• Share the 'why' of this exercise, something like, "Team, we've been talking about how important trust is on all successful and high performing teams. I'd like to take some time now before we close the meetings to focus on our all getting to know each other a little better. I have these three questions and I'd like us to go around the room to share our answers. Okay? I'll start. Any questions?"
  • Whoever you have start (I suggest that the leader be prepped to go first) make sure he or she shares something personal, honest and insightful about a challenge. How this person starts, sets the stage for everyone else.
  • If someone shares something profoundly personal or shocking (this has never happened) simply and quietly thank that person for sharing and move on.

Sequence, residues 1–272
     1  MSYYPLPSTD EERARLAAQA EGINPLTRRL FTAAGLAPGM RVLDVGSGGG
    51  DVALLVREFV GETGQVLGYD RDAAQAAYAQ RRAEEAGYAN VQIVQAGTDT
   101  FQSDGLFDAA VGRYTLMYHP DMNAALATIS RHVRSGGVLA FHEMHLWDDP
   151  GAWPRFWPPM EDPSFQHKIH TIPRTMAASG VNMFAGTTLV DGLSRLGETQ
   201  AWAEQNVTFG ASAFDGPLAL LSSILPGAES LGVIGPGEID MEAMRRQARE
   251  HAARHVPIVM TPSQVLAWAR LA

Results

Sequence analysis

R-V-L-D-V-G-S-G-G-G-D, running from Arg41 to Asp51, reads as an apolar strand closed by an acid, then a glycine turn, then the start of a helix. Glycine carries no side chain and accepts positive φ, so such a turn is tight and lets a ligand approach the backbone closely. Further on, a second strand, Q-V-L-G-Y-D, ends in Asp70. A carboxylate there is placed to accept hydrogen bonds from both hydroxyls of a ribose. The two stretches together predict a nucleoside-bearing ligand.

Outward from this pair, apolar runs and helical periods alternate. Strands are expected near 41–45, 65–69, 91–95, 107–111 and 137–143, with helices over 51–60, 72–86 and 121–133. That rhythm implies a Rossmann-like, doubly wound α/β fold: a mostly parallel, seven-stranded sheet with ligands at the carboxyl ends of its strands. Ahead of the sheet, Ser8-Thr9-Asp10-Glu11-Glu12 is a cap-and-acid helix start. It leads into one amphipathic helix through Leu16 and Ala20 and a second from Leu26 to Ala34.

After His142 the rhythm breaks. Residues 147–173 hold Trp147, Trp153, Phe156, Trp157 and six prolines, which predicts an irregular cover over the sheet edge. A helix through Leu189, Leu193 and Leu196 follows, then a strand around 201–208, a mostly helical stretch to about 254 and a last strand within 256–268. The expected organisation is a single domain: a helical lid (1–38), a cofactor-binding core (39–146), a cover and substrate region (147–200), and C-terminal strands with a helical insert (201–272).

Free Team Building Activities Step-by-Step:


What Is This? Why it works: This free team building activity is a list of behavior expectations for how the team will engage in discussion and debate. It is created by the team (this is why it works) and is visible and reviewed by all prior to all meetings.

This is so simple and so powerful. I use it in every development and facilitation meeting I hold. It helps the team stay on track and regulate their own behaviors. Here's the best way to help your team create their own Code of Conduct:

  • 1. Ask each team member to write down their preferences for acceptable and unacceptable behaviors around discussions and debate. (ex: tone of voice, use of language, participation, etc.)
  • 2. Hold a group discussion. Ask everyone to share their list. Capture the answers on a flip chart.